I have worked hard to grow my business and got some lucky introductions.  (But again I think that was through hard work of reaching out to lots of people.  Always give yourself credit, no one is just lucky in work success.)  Since kangacoo is the sole supporter of our household we really have to focus on making the business more profitable.  I wanted to share with you one way we are doing this.  Exploring different revenue streams.

I challenge you to explore different revenue streams for your business too.  Here are some to start with:

1.  Create products with lower price points.

Can you make coordinating hairbows to match your dresses?  Perhaps a matching doll dress to offer?  Do you make accessories?  Is there a new one you can add that is less expensive?  By creating different price points you broaden your audience.

2.  Create special occasion pieces.

Do you make every items?  How about adding a few special occasion pieces?  Special occasion shoppers are a huge part of the market.  Adding in these pieces will boost sales!

3.  Flash Sales on Facebook.

Do you hold flash sales on Facebook?  These are a huge success for me.  Offer a product at a sale price and have fans leave their Paypal address on the post.  Send a bill and ship.  It is easier to send them to the shop but I find I make more sales by selling direct on Facebook.

 4.  Find a New Audience.

And keep the old of course.  I sell on facebook and Etsy (and wholesale but I am going to stick to retail today.)  Have you thought of adding a new venue like Artfire?  or maybe Ebay?  It is a whole new shop to manage but if you think you can sell product and manage another shop give it a try.

Not ready for another shop to manage?  How about virtual trunk shows.  This is something I am venturing into.  Having others sell your product and rewarding them is a great way to spread the word about your company.

I am always happy to answer your questions.  And you just may find them anonomously featured here!  Email me at katie@kangacoo.com

 

 

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How to Calculate Wholesale Prices

Pretty excited to bring you my first “Ask The Fashion Business Mentor” Post!

—-Is retail always 2xs wholesale?

At least.  Once you start selling to large chains they will talk down your wholesale price so they can turn a larger profit.  It also gives them more wiggle room for the big percentage sales (50% OFF!) they have.  They couldn’t make money if they only doubled wholesale and they will expect you to lower costs if you want to do business.  Keep this in mind when you price a collection that you plan to market to large chains.


–If you figure out what retail pricing would be according to the formula below, and think that it is too high, how low should you go to get the wholesale price down to get the retail price down?  Or do you make other changes such as fabric type to get the price down?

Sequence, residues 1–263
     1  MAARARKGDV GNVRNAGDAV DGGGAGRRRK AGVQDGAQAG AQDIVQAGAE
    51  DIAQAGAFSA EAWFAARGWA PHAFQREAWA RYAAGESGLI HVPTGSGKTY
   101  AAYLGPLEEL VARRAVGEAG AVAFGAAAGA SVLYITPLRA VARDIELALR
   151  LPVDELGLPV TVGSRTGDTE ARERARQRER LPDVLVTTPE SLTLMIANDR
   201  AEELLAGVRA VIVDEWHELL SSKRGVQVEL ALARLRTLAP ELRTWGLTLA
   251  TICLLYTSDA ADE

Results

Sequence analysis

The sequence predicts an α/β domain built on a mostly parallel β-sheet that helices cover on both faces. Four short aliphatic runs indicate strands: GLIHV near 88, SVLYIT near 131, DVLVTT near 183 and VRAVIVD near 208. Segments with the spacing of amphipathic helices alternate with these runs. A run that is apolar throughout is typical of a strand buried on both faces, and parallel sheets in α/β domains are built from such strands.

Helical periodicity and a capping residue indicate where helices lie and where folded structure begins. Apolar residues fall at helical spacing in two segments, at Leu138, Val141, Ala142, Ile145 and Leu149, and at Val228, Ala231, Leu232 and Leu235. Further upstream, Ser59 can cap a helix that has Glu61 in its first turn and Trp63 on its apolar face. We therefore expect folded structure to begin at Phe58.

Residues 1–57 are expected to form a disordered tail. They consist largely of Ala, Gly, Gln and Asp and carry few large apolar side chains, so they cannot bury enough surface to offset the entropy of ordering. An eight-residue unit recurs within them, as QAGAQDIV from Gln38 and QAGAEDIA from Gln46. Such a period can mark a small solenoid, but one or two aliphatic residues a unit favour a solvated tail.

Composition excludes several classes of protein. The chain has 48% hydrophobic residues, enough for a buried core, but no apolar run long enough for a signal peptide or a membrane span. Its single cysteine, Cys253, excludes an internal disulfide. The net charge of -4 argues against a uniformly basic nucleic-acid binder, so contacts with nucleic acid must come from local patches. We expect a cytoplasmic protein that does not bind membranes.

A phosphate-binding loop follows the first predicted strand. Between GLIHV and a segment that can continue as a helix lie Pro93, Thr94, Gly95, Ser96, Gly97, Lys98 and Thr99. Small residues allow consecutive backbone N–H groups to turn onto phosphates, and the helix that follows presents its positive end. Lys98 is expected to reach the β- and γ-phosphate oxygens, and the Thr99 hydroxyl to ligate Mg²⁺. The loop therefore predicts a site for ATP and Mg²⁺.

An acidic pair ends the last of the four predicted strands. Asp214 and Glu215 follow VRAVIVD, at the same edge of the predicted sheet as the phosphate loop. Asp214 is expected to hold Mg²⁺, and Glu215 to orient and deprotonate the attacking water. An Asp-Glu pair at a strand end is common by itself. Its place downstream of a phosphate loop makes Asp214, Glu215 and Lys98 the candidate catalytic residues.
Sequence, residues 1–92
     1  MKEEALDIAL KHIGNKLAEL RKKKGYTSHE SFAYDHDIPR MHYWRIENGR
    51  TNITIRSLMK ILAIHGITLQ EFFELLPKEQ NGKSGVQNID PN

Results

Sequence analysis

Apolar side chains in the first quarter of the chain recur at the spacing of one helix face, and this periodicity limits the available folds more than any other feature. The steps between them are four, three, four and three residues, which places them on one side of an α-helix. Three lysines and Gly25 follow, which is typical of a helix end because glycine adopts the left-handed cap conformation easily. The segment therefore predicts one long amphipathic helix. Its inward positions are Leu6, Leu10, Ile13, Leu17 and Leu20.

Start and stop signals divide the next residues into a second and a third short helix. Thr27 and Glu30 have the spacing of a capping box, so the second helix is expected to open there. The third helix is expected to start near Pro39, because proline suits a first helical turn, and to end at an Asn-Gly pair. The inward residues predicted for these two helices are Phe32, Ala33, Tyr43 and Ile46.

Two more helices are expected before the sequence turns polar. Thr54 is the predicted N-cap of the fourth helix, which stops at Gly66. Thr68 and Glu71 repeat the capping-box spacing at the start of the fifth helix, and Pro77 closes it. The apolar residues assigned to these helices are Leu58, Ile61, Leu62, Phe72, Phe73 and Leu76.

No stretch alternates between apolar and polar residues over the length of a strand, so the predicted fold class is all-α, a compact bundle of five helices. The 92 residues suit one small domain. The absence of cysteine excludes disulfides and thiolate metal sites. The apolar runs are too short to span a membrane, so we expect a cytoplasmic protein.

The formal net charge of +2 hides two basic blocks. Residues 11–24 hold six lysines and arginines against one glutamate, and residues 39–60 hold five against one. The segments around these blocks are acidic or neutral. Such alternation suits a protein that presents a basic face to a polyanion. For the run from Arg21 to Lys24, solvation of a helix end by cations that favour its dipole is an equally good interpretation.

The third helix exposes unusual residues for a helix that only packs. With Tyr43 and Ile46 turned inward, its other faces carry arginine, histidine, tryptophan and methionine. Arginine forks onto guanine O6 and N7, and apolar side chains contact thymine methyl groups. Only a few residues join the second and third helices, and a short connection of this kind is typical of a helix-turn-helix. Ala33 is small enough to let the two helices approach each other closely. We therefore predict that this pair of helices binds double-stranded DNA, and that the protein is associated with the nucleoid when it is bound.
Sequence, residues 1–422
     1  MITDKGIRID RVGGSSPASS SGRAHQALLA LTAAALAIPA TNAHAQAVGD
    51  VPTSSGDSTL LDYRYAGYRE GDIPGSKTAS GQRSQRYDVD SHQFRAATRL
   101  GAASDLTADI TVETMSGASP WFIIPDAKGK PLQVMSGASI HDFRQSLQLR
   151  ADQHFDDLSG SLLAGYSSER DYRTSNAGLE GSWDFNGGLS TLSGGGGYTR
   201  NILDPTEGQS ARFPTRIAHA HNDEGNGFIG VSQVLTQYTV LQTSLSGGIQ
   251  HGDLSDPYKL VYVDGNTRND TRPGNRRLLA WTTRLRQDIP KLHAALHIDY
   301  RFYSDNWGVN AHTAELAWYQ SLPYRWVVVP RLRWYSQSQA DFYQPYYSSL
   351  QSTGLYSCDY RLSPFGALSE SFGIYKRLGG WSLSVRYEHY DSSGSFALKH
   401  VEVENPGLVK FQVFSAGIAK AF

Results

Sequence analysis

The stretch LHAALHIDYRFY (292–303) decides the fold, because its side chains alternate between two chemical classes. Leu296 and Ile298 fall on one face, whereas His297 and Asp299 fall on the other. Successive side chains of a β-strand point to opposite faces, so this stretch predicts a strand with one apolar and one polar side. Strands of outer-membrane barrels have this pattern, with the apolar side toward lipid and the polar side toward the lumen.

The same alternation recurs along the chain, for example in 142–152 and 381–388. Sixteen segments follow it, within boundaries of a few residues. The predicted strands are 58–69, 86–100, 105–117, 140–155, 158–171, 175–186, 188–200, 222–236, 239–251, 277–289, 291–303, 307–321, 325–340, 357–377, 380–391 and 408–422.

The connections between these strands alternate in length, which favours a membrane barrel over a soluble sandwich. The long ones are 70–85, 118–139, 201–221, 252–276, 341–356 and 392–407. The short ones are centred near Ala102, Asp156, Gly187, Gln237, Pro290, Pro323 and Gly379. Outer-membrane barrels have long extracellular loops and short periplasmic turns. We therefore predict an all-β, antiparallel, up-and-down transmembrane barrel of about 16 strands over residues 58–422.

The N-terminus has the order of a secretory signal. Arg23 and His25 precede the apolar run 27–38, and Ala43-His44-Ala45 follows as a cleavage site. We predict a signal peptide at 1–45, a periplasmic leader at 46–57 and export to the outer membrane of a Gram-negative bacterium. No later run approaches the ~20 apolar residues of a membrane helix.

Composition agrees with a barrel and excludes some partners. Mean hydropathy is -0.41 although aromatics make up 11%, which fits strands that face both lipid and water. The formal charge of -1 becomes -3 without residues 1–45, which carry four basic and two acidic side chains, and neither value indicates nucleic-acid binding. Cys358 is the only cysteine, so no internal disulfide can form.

• cost of dress x 2 = wholesale x 2 = retail (if this is too high?)               
  • cost of dress x 1.5 = wholesale x 2 = retail               
  • cost of dress x 1.25 = wholesale x 2 = retail (Is this too low and not worth doing at this point?)

Fabulous questions I personally struggled with.  If it costs me $20 to make a dress it is very hard to ask $80 for it if my target market is toddlers.  Wholesale pricing is based on volume and when you sell in volume you buy in volume so your costs go down.  The problem is that if you are just starting out you aren’t getting the price breaks in materials or production (sewing).  You need to do some research and planning here to project volume costs:  

1.  Project Volume

Determine the volume you think you will sell in a season.  How many stores are you targeting and how many pieces do you think you will sell?  In forecasting you need to be realistic and conservative. 

2.  Get Volume Based Materials Quote

Determine how much fabric you will need for the season based on your projections.  Say you determine you need 30 yards of fabric (same color) and you need 3 colors.  So a total of 90 yards.  You will get wholesale pricing on this so find out what it is.  If you are already getting wholesale pricing you may get a larger discount for volume.  Ask and negotiate.  Almost all fabric dealers will negotiate and all of them offer wholesale pricing.  Buy from the source not the local fabric store.  You can buy a bolt of fabric direct for the same price as a few yards at your local shop. Don’t forget to get quotes on notions and labels too.

3.  Get Volume Based Production Quote

Talk to your seamstress/sew shop about costs based on volume.  How much if I bring you 10 of the same thing?  20?  50?  100?  Time yourself sewing the garment and see if this price is fair.  Keep in mind if you use a home machine for sewing it takes 1/3 of the time to do it on an industrial machine.  I have one and now that I have timed myself sewing I realized my seamstress was making $40/hr.  Too Much!!!

4.  Calculate how much one garment will cost based on these volume quotes 

Now use this formula:

cost of dress x 2 = wholesale x 2 = retail

If this is too high based on what you think is fair market value you can cut into your profit margin or you may need to make changes in fabric or how your garment is constructed.  You can ask your seamstress what part of the garment is taking the longest or how you can change the design to make it easier to produce.  OR You keep the high price and market it to high-end clients.  You may sell less but you have a larger profit margin.  If you do this then you really have to make a unique product worth the price not just slap a high price on a generally simple product.